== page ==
MCI in Deal with Dissident Creditors
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Telecom giant MCI (formerly WorldCom), trying to shed over $35 billion in debt from the largest corporate bankruptcy in history, said it has struck a deal with dissenting creditors that were standing in the way of blessing its reorganization plan.
In a statement Tuesday, Michael Capellas, MCI's chairman and CEO, said "with today's proposed settlement among the various creditor groups, MCI has cleared one of the last major hurdles along its path toward emergence from Chapter 11."
Although MCI's reorganization plan still has objections to overcome regarding its plan to emerge from bankruptcy, the latest deal at least mollifies the objections of two creditor groups on how much money they would get back from the company.
As a result of the overnight negotiation sessions, one group holding bonds (called Quips) will be paid back about 45 cents on the dollar instead of the prior offer of nothing, the company said. The total debt in that securities class is about $750 million.
Another class of creditors, holding about $235 million worth of debt, is expected to get just under 52.7 cents on the dollar.
Capellas, who was actively involved in the negotiations late Monday and early Tuesday, said the 55,000 employees of MCI have worked hard to reach "this significant milestone and we are pleased to have the support of the overwhelming majority of our creditors for our Plan of Reorganization."
U.S. bankruptcy Judge Arthur Gonzales Monday afternoon called off MCI's New York confirmation hearing about the company's reorganization plan in order for dissident creditor committees to negotiate with MCI's attorneys and other major creditor committees over how many cents on the dollar they would get back. A breakthrough settlement appeared possible in the early hours of Tuesday.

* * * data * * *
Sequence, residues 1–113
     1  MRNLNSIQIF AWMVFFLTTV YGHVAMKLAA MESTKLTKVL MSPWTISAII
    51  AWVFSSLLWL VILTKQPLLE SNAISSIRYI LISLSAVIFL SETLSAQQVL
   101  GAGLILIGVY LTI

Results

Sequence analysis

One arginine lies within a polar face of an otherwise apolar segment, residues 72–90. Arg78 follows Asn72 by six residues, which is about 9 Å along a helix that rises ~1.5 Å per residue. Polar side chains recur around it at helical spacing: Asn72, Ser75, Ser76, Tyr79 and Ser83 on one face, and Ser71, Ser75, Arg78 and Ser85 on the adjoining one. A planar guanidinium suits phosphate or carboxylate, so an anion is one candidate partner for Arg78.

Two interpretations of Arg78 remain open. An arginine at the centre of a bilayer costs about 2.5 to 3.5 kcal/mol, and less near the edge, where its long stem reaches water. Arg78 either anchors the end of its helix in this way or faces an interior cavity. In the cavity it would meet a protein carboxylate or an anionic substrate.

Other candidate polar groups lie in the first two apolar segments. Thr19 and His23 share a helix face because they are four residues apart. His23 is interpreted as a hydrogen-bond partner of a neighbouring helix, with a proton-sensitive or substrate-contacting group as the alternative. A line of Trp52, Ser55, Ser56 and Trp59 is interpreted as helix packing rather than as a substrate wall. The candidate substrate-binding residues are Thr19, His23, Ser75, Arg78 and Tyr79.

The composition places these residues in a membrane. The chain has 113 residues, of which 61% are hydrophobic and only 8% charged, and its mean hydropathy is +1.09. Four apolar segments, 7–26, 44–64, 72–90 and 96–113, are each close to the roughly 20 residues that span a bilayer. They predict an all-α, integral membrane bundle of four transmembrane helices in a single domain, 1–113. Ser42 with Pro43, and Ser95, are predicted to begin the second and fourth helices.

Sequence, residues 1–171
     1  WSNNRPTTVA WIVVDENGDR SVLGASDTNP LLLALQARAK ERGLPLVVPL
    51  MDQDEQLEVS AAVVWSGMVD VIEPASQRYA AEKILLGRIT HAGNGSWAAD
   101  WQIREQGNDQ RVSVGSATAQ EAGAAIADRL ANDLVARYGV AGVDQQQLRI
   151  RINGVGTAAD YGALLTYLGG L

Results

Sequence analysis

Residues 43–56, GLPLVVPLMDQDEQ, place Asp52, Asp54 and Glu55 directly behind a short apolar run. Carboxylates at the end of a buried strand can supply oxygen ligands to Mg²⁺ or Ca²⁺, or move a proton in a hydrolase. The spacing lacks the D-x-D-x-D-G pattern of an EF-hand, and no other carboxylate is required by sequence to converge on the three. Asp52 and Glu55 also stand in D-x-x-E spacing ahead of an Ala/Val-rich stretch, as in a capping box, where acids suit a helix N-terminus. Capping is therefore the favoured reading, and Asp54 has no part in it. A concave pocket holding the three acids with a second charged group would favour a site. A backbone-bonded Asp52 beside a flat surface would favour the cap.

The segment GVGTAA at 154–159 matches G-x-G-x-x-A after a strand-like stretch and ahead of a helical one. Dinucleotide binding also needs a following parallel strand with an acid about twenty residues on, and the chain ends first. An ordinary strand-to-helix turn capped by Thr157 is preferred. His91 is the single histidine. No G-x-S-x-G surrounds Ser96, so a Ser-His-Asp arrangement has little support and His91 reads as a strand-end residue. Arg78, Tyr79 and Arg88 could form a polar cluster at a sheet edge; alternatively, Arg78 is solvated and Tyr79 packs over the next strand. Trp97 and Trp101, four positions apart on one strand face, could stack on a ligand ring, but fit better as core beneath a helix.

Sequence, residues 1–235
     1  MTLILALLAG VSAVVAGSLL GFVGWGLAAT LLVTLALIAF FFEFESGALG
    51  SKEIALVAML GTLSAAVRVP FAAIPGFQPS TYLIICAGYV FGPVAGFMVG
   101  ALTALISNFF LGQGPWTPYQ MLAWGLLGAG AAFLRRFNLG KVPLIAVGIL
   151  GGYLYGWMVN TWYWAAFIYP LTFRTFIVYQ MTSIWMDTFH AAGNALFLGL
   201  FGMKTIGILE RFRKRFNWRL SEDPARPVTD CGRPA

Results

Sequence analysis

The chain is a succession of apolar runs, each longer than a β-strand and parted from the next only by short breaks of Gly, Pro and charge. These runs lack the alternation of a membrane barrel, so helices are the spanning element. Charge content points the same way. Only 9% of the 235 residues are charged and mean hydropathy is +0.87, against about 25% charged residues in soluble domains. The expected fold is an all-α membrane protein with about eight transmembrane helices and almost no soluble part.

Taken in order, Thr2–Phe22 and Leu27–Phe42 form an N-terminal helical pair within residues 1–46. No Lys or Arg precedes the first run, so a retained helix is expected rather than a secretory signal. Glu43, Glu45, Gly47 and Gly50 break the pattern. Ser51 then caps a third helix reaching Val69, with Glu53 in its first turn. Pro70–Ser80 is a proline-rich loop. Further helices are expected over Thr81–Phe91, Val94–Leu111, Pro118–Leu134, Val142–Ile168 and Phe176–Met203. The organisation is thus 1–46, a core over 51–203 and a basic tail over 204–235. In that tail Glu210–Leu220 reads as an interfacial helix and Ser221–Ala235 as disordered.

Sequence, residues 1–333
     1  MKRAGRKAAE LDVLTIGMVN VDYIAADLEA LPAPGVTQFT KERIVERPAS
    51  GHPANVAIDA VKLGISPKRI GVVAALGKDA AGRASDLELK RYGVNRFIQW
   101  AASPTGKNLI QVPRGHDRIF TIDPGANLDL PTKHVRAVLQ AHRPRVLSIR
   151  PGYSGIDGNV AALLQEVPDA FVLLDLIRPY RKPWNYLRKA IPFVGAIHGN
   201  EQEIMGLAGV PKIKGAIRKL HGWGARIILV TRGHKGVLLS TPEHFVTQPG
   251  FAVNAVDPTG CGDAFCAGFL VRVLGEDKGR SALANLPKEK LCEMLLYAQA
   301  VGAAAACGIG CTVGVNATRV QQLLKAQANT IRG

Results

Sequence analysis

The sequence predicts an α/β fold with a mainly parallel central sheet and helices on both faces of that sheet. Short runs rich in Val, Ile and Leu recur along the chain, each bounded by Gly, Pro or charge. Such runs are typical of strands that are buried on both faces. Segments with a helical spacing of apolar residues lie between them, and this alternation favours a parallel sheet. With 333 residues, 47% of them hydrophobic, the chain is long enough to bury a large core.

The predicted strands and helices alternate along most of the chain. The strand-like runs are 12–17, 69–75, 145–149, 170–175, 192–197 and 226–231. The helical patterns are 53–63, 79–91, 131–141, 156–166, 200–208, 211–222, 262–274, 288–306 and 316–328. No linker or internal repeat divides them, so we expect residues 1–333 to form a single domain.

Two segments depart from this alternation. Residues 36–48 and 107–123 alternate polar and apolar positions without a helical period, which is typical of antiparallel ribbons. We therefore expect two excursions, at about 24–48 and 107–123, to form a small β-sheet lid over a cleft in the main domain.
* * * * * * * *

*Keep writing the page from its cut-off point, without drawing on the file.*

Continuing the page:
MCI, which filed for Chapter 11 bankruptcy protection in July of 2002, has been trying to put an $11 billion accounting scandal behind it as it emerges from bankruptcy. Part of that plan includes reducing its $41 billion worth of debt obligations to about $5 billion. The plan has infuriated rival telecom companies such as AT&T and Verizon, who say the bankruptcy reorganization gives MCI an unfair advantage following the worst accounting scandal in U.S. corporate history.
But MCI has argued that it has put its house in order after sweeping out former executives who were at the helm of the company when its accounting deceptions began to unravel, which led to a restatement of $9 billion.
Bernard Ebbers, the former CEO of WorldCom, which is changing its name to MCI as part of its reorganization, is facing 15 criminal charges of securities fraud by the state of Oklahoma in connection with the accounting scandal that brought the telecom giant low. He has pleaded not guilty. Former CFO Scott Sullivan has been charged in New York with securities fraud and has also pleaded not guilty. The case is proceeding through pre-trial discovery.
Five other executives are also facing charges by the Oklahoma Attorney General. The U.S. Attorney for New York's Southern District is also investigating the company in connection with ongoing accounting-fraud probe. A spokesman in the U.S. Attorneys office in New York said the probe is ongoing.